- Bay County
- Dan Schebler
- Department of Business and Professional Regulation
- Escambia County
- Florida Department of Business and Professional Regulation
- Florida Panhandle
- Gulf County
- Halsey Beshears
- Janice Gilley
- Okaloosa County
- Ron DeSantis
- Santa Rosa
- Santa Rosa County
- short-term vacation rentals
- vacation rental
- vacation rental ban
- vacation rentals
- Walton County
Not wanting to miss out on any more of the tourism dollars from the vacation rental industry, Panhandle counties have submitted plans to safely reopen the popular getaway alternatives.
In late March, Gov. Ron DeSantis shut down short-term vacation rentals statewide to new reservations and banned advertising. On Friday, he outlined a pathway for individual counties to submit plans to the Department of Business and Professional Regulation (DBPR).
State lawmakers and counties across the Panhandle have in recent weeks asked the Governor to lift the ban, at least for the region, which is one of the least COVID-19-afflicted in the state. Friday’s announcement prompted counties in Northwest Florida and beyond to submit their plans in the hope of reopening Monday.
“If you tell me you’re going to rent them out to people from New York City, I’m probably not going to approve that, OK?” DeSantis said in Jacksonville. “If you’re saying that, you know, you’re going to rent it out to people in other parts of Florida or something that would be manageable or if there’re ways in there that clearly you have an eye to safety, then I’m fine.”
All counties’ plans will discourage renting to travelers from hot spot regions identified by the Governor, namely New York, New Jersey, Connecticut and Louisiana. Escambia, Santa Rosa and Bay counties’ plans go further, banning guests from states with 700 cases per 100,000 residents, adding Delaware, Illinois, Massachusetts, Michigan, Rhode Island and Washington, D.C.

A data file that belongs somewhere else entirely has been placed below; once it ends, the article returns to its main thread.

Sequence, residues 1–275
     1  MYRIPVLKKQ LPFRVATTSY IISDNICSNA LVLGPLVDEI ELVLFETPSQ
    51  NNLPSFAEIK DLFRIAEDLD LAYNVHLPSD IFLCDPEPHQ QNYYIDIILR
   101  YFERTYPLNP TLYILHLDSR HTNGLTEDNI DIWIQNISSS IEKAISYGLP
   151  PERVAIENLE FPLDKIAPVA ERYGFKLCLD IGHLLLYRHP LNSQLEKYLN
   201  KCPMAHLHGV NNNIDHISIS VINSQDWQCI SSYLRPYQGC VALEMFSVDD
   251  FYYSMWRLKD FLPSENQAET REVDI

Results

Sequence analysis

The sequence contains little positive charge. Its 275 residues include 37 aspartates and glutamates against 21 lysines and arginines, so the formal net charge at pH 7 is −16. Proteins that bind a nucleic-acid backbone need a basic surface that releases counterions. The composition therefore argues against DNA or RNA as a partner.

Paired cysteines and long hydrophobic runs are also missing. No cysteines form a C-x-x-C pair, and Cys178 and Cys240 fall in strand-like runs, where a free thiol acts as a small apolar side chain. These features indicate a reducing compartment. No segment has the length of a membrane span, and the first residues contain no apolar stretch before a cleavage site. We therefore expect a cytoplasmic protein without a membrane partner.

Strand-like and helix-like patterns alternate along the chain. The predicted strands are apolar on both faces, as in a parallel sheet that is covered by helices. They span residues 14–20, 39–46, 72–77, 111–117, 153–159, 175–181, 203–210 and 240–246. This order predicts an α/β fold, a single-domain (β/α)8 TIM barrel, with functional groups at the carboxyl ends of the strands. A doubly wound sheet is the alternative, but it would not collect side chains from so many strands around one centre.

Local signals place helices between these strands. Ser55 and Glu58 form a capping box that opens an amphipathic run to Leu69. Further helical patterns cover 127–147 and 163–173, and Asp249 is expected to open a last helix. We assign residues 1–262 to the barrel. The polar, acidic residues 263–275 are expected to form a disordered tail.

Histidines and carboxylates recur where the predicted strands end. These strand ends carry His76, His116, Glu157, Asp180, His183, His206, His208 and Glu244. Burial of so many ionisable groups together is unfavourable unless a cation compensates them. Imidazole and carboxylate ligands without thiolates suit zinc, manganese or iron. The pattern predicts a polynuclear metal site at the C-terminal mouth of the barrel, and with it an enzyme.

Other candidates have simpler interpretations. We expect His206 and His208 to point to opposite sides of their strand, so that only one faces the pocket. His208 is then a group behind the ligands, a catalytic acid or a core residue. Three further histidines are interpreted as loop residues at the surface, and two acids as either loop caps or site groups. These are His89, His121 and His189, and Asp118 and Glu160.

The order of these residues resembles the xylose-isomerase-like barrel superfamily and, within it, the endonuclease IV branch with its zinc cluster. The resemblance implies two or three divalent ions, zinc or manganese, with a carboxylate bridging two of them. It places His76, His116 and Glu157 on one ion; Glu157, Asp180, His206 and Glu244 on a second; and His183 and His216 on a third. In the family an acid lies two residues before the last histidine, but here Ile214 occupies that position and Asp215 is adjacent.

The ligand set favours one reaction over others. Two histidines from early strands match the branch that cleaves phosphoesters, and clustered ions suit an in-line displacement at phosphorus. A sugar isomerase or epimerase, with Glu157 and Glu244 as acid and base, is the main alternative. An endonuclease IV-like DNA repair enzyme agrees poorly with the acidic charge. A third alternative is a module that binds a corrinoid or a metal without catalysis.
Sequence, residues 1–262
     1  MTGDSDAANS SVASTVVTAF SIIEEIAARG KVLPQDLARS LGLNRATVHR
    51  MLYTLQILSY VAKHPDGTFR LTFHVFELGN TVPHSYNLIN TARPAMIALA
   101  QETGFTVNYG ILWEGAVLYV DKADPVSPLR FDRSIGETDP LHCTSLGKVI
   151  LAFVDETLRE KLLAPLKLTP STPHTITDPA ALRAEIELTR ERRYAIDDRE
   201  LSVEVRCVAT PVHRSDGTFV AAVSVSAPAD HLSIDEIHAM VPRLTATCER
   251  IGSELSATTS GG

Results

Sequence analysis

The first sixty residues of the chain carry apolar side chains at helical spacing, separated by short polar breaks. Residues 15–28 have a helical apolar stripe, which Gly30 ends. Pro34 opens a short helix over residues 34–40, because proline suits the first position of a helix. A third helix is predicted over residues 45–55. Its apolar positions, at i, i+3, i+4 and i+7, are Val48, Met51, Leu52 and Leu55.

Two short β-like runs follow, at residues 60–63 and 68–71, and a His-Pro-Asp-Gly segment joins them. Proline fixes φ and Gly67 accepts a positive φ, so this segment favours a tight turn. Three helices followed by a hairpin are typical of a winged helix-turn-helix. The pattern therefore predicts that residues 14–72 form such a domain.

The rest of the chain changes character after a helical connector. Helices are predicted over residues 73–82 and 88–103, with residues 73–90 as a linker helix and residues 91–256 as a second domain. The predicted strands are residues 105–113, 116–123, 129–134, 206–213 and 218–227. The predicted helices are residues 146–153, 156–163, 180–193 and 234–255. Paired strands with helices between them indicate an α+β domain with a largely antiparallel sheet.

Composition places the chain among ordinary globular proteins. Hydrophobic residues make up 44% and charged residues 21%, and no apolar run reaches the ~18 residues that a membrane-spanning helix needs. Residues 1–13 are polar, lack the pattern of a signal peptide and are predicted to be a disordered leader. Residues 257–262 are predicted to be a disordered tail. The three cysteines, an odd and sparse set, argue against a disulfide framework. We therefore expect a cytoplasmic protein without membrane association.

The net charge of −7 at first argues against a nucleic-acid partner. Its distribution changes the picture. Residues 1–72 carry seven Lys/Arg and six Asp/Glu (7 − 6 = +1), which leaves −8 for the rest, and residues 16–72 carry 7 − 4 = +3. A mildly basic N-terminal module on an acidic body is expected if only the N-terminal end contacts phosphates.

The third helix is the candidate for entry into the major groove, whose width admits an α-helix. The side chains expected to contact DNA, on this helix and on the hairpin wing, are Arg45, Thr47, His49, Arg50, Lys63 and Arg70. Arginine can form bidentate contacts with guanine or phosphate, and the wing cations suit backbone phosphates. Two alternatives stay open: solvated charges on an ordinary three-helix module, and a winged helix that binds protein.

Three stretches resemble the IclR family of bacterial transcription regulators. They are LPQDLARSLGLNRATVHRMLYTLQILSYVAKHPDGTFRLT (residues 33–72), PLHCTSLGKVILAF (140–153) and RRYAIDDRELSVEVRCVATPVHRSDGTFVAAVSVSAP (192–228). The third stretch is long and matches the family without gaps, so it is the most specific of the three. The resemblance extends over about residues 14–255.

Escambia and Gulf counties would also restrict international travelers. And Santa Rosa’s plan calls for property owners and managers to provide weekly logs to the county of the arrival and departure dates and home ZIP codes of renters.
All plans would either require signage or other notices to alert guests to local regulations or cleaning protocols. The plans also outline cleaning and maintenance plans for guests, employees and contractors.
All plans but Bay County’s call for additional time between stays to allow for cleaning and all but Santa Rosa and Okaloosa counties’ plans shift the industry toward remote check-ins.
The Panhandle’s economy relies significantly on tourism. In the absence of large hotels, vacation rentals drive the majority of tourism lodging, but they have been vacant for nearly two months.
Escambia County Administrator Janice Gilley wrote a letter to DBPR Secretary Halsey Beshears on Friday asking for short-term vacation renting to resume Monday.
“While we have heard from numerous owners, I have received information from three vacation rental owners that they have losses in excess of $5M and nearly 1,000 employees have been laid off,” Gilley wrote. “Our residents need to return to work to generate income.”
Vacation rental owners and advocates have questioned why hotels remained open but vacation rentals were closed. Santa Rosa County Administrator Dan Schebler made the case for vacation rentals in his Friday letter to Beshears.
“Vacation rentals offer safer lodging options than hotels and do more to promote social distancing as it minimizes interaction with staff members, and guests typically have access to kitchens providing them the opportunity to stay in rather than eat out,” Schebler wrote.
Signed amid concerns about spring breakers, the original executive order noted that vacation rentals are attractive destinations for out-of-state visitors, then the driving source of COVID-19 infections. During his Friday press conference, DeSantis elaborated on why he let hotels stay open for business.
“Part of the thing is I have National Guard — I’ve got all these National Guard I’ve got to put up,” DeSantis said. “I’ve got other people I’ve got to put up, so we needed to have an ability to have hotels, so it’s a little bit different situation.”
The vacation rental ban includes a carveout for those performing military or government duties and emergency, health or infrastructure responses. Additionally, those on business trips or staying more than 30 days may rent.